Second in the series (scroll down to Sareta Puri for the first), we have Community Organiser and Writer, Jenny Lau (aka Celestial Peach) and Vicky Sung of Hackney Community Centre. Interviewed both about the community work they do in relation to HCC, after meeting them at the Rangoon Sisters x HCC Dining Club back in July, which was part of a series by Jenny to raise money for the Centre. (All photos taken are from that night🙋🏽‍♀️📸).

Celestial Peach is a platform that tells stories about Chinese identity through the lens of food. Go see her latest exhibition, such amazing work. Jenny also organised a series of Dining clubs in collaboration with Hackney Chinese Centre.  More about it below - and a glimpse inside. Make it down there if you get a chance.


A bit about your Dining Club series.

"The dining club series took place every few months in Hackney Chinese Community Services, featuring food from chefs from diverse backgrounds and experiences - enjoyed at circular tables in the tradition of Chinese family-style dining. It was a fundraising initiative with all proceeds going towards the building of the new community centre. A dilapidated bathhouse in Dalston is currently being renovated into a modern and dynamic multicultural centre with a community kitchen at its heart."

How you first came across HCC  and your involvement with it?

"I first came across HCCS two years ago when I was looking for a place to host my potluck meet-ups. They very generously offered their communal space and we've worked together ever since. I'll help with catering for members' events, and during lockdown I also helped with some fundraising and donation initiatives."

What the Centre means to you, the community, and its value:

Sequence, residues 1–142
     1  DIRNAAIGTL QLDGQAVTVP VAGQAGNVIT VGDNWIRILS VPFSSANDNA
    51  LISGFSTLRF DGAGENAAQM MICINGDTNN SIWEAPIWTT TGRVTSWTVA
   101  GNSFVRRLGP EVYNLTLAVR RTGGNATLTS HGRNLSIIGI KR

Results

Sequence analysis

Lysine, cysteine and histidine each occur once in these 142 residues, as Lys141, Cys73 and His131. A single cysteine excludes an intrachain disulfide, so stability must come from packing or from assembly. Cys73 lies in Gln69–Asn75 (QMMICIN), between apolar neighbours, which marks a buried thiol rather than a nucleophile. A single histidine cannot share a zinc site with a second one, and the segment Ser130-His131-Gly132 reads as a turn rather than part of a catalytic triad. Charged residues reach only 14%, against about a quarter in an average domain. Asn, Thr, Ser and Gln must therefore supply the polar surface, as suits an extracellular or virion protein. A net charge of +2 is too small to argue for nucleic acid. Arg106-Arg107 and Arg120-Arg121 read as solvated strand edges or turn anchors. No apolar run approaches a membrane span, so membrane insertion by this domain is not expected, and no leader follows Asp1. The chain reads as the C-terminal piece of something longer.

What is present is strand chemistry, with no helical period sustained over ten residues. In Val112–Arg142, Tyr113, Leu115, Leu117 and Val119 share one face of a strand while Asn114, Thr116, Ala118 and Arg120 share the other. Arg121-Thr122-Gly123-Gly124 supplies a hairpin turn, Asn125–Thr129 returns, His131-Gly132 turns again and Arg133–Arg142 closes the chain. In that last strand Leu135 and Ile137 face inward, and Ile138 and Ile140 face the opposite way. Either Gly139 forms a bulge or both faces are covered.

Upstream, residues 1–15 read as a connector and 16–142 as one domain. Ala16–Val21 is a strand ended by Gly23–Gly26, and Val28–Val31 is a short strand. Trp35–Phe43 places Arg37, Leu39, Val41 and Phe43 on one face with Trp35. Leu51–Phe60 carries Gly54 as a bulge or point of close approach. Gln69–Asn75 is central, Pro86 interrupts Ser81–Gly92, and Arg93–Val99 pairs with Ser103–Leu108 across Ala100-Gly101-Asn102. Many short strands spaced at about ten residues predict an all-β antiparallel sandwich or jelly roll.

As well as the dining club series, Jenny co-curated the Beauty Of Batik pop-up with Steam Room East in August. She also publishes a regular weekly-ish long read on her website, and is celebrating 100 features in this amazing exhibition that you really need to go and see. 

"​​With the help of 41 talented artists, together we have brought to life one answer from each story: 'What Does Home Taste Like?' You can also buy a pack of printed postcards with all profits going to @thelondonccc" .


How you got involved.

"I initially reached out to HCCS to speak with Jabez (current joint manager) as an aspiring journalist; I knew of his activism and campaign work with the Chinese community. (Prior to this - I was I was the venue hire manager at China Exchange, a cultural charity who promotes and make Chinese culture more accessible through events and cultural programmes). I then became a volunteer helping out with setting up the film night programme and completing funding applications. The role of East and Southeast Asian Outreach Worker was vacant at the time, I went for it and I got it! I began working here in November 2020, reaching out to existing ESEA organisations and individuals to further develop services/activities for this community."

What the HCC offers.

"Our most essential service is our advice and support offered in English, Mandarin and Cantonese across social welfare areas such as housing, education, employment and healthcare. The clients we serve have limited command of English and rely on our services to make telephone calls, applications, and appointments on their behalf. Without this service, a portion of the ESEA community would not be able to access public services."

Who founded the Centre?

"We were founded in 1985 to serve the local Chinese community in accessing public services. Our current joint managers are Wing Kong Fung and Jabez Lam (above!) who have backgrounds in finance and community work."

Is it mostly for the people from the older generation?